Kathy Bartek, of Falls City, has been selected as the recipient for UNL East Campus Bull Fry Event April 13.
Bull Fry is one of the largest philanthropic events held by a UNL organization. This event raises anywhere from $5,000-$10,000 for a family in need. The residents of Burr, Fedde, and Love Halls on East Campus submit candidates and then vote on which one they wish to be the recipient.
Kathy, a 24-year dedicated – and decorated – member of the Falls City Public School Board, was last year diagnosed with ALS, otherwise known as “Lou Gehrig’s Disease.”
The Bull Fry itself is a day of fun and food.
“We serve a dinner usually containing hamburgers, hotdogs, bull fries (rocky mountain oysters), chips, potato salad, cookies, and drinks,” event spokesperson Rachel Stevens said. “We offer giant inflatable games, a rock wall, mechanical bull, and dunk tank. All the proceeds go towards the family. We also sell t-shirts and sometimes have other competitions as well as homemade cotton candy. Accompanying the Bull Fry is the Bull-A-Thon. This event is held on the Friday before the Bull Fry at the East Campus bowling alley. Teams of four compete for prizes that were donated or bought with donations. Once again all the proceeds go to the family.”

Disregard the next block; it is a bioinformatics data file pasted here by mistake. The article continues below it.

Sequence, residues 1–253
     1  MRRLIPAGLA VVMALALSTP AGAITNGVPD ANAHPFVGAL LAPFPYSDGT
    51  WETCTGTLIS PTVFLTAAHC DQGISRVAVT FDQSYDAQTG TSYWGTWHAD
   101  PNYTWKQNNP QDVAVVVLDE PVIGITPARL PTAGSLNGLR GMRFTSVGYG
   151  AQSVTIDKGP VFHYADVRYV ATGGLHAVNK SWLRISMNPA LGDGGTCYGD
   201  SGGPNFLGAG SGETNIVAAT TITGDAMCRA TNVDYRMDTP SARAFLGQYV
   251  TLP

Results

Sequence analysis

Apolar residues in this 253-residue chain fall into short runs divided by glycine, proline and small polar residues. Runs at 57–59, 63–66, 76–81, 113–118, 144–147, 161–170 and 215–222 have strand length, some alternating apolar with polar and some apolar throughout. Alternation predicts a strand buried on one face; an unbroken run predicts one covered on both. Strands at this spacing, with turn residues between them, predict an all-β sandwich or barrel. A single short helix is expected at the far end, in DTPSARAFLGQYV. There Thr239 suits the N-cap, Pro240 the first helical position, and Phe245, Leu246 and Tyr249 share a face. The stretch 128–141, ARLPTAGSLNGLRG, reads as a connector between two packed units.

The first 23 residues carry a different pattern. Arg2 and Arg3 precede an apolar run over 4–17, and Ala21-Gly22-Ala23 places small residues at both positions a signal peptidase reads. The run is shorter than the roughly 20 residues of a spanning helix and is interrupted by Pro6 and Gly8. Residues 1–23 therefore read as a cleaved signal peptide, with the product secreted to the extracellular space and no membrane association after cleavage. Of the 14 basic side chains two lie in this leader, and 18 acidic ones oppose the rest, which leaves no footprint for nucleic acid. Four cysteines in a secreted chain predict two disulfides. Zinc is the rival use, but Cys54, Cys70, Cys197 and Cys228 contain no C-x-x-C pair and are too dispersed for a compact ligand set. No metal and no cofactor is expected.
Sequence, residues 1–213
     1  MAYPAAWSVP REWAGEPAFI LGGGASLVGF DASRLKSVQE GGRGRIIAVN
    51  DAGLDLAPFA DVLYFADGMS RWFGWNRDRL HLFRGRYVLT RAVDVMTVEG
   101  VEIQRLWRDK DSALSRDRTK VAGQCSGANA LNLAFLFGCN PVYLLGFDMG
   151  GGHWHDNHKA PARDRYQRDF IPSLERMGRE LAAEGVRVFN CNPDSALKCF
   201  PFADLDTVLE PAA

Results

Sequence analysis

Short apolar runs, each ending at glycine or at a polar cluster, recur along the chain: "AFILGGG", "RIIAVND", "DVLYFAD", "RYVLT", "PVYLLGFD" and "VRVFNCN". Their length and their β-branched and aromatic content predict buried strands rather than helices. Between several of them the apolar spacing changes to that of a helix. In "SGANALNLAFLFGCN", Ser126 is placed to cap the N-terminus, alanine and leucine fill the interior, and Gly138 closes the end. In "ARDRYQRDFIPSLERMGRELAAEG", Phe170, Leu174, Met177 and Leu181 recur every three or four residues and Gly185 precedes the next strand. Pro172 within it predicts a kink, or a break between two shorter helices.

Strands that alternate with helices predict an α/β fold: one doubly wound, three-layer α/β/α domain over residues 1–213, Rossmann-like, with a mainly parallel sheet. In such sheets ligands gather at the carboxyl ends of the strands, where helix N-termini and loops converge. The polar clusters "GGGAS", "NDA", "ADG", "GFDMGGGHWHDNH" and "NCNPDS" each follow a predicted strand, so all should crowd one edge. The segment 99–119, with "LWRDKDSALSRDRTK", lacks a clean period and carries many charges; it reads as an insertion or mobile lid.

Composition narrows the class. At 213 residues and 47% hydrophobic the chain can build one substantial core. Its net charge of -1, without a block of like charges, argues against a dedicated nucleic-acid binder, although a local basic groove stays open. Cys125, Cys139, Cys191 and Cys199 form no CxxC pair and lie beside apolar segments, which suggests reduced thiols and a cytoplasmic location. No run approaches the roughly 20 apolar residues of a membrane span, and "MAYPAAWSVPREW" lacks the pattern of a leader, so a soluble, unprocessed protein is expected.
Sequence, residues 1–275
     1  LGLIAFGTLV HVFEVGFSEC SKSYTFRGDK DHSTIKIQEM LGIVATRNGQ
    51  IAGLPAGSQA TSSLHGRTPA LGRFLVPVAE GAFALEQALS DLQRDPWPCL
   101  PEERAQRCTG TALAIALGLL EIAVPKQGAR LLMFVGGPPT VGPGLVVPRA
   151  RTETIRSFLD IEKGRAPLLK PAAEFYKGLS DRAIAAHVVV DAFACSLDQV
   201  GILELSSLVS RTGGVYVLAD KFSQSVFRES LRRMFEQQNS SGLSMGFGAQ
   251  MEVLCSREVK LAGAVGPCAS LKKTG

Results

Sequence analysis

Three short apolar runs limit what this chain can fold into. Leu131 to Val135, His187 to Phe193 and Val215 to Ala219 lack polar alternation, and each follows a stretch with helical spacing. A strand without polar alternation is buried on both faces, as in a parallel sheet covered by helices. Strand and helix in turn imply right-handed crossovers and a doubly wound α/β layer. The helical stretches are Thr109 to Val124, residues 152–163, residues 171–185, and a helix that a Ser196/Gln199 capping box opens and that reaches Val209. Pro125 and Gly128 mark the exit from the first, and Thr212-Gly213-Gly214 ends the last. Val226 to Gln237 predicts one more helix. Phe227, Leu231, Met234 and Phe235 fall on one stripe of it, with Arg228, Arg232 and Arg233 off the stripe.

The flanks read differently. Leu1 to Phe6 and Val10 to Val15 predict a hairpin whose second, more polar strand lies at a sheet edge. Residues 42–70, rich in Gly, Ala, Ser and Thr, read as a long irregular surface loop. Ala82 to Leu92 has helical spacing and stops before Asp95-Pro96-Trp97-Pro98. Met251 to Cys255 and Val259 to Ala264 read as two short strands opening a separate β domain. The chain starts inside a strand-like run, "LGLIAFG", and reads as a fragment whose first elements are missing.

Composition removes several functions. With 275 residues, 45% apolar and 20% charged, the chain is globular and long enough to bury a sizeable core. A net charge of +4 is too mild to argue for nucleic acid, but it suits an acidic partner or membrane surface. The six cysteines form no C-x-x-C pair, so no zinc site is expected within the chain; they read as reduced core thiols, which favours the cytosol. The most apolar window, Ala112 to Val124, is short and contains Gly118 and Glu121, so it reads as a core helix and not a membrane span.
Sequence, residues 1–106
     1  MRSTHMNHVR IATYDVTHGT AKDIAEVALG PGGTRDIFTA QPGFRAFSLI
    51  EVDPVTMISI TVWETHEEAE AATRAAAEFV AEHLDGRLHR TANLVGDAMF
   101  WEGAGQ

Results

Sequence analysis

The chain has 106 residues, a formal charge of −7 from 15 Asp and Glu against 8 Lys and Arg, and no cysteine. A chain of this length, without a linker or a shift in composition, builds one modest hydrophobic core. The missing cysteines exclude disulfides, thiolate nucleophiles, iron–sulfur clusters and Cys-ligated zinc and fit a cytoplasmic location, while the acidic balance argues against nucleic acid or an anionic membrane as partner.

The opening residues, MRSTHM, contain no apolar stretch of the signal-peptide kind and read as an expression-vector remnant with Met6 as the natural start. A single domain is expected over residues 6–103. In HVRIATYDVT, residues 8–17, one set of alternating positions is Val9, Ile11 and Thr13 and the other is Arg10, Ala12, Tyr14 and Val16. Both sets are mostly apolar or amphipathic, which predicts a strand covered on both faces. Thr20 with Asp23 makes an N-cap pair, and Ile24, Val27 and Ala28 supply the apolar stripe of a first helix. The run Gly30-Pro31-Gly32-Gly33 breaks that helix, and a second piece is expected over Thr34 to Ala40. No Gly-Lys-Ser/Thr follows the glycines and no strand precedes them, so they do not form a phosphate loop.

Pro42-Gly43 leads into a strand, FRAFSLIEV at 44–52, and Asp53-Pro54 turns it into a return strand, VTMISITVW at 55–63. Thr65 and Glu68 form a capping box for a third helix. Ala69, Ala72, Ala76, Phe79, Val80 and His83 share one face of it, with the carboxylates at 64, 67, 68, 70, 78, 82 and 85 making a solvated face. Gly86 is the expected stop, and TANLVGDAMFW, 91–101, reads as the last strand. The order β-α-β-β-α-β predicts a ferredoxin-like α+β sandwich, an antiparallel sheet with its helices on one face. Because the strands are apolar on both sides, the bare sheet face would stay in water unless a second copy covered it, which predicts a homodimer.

The Bull Fry is held from 4-8 p.m. Saturday, April 13. The meal costs $8 and games another $8, but discounts are available when purchasing both in advance. The Bull-A-Thon is from 7-11 p.m. Friday, April 12, at the East Campus Union.
ALS, is a progressive neurodegenerative disease that affects nerve cells in the brain and the spinal cord. Motor neurons reach from the brain to the spinal cord and from the spinal cord to the muscles throughout the body. The progressive degeneration of the motor neurons in ALS eventually leads to their death. When the motor neurons die, the ability of the brain to initiate and control muscle movement is lost. With voluntary muscle action progressively affected, patients in the later stages of the disease may become totally paralyzed.
Approximately 5,600 people in the U.S. are diagnosed with ALS each year. The incidence of ALS is two per 100,000 people, and it is estimated that as many as 30,000 Americans may have the disease at any given time. ALS occurs throughout the world with no racial, ethnic or socioeconomic boundaries.
For more information, contact Stevens at firstname.lastname@example.org